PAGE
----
There are many things I wish I could tell my younger self as I somewhat unknowingly embarked on a career in advertising all those moons ago. I joined an independent agency, fresh off the boat from Dublin back in 2014 and fell in love with London, the industry, the work, the clients and the comradery. However, I have learnt the hard way that this business can be a cruel mistress if you let it!
Whilst things have changed massively since I started, Adland has always had a reputation for late nights in the office and high-stakes pitches, parties and a cutthroat race to the top (that’s if you can ever get past that pesky glass ceiling!) Extroverts with big personalities tend to dominate the room and it can be a real struggle to find your voice in such a fast-paced environment. As someone who leans towards being introverted (although you might not guess it when you meet me!) , I know all too well how that can feel and how anxiety can manifest, which is why building resilience was one of the most important lessons I took on in order to succeed.
Resilience can often feel like a bit of a buzz word, but it is the one thing I think we need to teach young people from the offset. Stress and anxiety are unavoidable in life, but completely manageable if you have the right tools.
When you break it down, the key things seem pretty basic:
#1: Find the right environment.
Some people thrive in big companies or big teams, others work best in smaller agencies – know what makes you happy and brings out the best in you.
#2: Surround yourself with people who back you.
You are going to spend the majority of your waking life with them, make sure that the culture matches your own and that you feel supported.
#3: Break the cycle in your own mind…
…that was telling you that you can’t do something. Having been in the industry a while and having been involved in many conversations around mental health in the workplace. This comes up time and time again, especially among women in junior to mid-level management roles. (Imposter syndrome anyone?)
#4: Create some habits that help you on a daily basis.
Writing to-do lists, getting in early, allocating time for emails and catch ups, managing others’ expectations and actually leaving on time. Again, it’s all about what works for you.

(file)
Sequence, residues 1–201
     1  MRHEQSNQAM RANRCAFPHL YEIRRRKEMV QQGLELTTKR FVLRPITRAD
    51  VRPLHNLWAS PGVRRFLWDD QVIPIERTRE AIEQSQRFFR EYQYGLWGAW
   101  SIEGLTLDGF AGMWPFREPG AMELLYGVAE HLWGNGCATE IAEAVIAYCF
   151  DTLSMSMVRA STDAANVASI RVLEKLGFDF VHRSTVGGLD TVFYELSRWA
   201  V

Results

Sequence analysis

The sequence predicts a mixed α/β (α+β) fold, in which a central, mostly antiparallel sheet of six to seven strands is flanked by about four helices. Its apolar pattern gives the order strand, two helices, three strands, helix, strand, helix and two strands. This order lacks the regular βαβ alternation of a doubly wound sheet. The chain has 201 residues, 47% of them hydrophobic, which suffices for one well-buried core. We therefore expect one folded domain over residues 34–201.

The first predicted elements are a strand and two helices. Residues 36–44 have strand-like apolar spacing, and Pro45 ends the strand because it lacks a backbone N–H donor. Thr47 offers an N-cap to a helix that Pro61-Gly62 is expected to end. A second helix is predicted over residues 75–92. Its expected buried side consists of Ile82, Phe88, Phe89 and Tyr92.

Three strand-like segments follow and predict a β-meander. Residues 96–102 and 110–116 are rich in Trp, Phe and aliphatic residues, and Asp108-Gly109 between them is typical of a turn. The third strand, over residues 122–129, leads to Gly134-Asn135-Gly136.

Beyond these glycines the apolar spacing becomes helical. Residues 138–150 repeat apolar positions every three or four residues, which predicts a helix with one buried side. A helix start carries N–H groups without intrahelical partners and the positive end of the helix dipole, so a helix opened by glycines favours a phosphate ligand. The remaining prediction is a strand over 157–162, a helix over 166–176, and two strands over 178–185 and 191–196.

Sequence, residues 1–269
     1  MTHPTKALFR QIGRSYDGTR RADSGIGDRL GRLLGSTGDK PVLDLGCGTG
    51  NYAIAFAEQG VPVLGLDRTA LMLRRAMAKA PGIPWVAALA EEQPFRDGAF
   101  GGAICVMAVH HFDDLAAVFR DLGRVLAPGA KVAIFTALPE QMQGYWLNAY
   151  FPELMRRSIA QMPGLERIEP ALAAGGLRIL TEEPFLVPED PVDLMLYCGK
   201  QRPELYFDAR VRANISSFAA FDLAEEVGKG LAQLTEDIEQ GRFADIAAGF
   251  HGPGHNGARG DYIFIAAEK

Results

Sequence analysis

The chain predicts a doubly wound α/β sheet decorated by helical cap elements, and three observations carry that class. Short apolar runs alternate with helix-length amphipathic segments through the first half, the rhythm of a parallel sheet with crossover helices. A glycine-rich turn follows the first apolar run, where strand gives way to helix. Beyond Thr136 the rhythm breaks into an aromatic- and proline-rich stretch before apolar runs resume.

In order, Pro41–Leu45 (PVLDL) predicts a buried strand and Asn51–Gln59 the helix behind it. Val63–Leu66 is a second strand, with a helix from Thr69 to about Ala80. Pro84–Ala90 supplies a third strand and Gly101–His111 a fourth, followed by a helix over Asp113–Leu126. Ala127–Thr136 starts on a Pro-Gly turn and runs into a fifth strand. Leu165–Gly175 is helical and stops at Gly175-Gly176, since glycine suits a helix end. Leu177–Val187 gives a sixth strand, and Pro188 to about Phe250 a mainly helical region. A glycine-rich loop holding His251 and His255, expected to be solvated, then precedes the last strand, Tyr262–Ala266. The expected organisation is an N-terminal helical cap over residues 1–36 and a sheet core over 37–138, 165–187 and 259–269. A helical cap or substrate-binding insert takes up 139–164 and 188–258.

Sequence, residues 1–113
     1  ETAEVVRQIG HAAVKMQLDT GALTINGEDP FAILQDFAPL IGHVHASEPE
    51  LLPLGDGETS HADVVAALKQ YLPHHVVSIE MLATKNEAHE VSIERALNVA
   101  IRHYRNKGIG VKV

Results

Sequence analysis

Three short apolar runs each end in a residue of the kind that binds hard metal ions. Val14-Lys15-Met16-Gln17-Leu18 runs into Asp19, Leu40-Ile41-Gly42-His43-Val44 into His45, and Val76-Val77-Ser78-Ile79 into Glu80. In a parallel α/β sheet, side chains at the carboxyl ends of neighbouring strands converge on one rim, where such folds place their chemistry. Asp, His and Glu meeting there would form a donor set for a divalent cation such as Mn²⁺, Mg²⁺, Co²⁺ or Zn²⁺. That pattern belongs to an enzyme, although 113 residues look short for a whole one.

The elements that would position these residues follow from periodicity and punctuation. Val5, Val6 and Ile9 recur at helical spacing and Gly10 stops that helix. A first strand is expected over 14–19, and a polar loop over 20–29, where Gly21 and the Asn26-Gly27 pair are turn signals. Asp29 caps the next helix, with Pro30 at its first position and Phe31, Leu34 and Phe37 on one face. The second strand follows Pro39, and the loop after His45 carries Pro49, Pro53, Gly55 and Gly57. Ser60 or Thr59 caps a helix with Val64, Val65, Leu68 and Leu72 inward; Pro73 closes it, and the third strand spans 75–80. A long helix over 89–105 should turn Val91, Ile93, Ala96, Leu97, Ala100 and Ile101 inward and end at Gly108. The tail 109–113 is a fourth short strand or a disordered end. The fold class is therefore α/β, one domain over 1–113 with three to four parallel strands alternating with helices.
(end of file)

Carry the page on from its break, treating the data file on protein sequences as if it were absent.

#5: Remember you are more than just work.
I like to read, I read a lot! I like to play badminton and lift heavy things at the gym. Finding time and space for your own pursuits makes even a tough day at work a satisfying one. Our work is important, but we are not saving lives and it doesn’t define us.
#6: Get offline.
Social media can be triggering and emails on your phone mean that even when you are relaxing, you know you are on call. That little red notification would drive me round the bend! It’s alarming how tough I found that at first but being able to put some distance between me and the work made me better when I was present.
#7: Champion it.
It can be scary to talk about mental health or feeling stressed. Will it impact career progression or alter people’s perceptions? But with 91% of people in the ad industry saying that at some point in the last year they struggled with their own mental health, I think we can all agree that we’re in this together. And even if you don’t have any issues personally, I’ll bet you someone you work with might, and could really benefit from your understanding.
Inevitably everyone’s road to resilience will be different. But I do wish someone had explained mental health and resilience training when I started. Actually, go back further: I wish I had known more back when I was doing exams at school!
Resilience is a skill we should value just as much as Excel or PowerPoint wizardry. Like many agencies in this industry, Space and Time is dedicated to making the workplace somewhere that works for everyone and where mental health is given just as much importance as physical health. Looking after staff in this way not only ensures that clients are getting the best service possible, but we all have a nice time while we are it!
Emma Williams, Senior Account Manager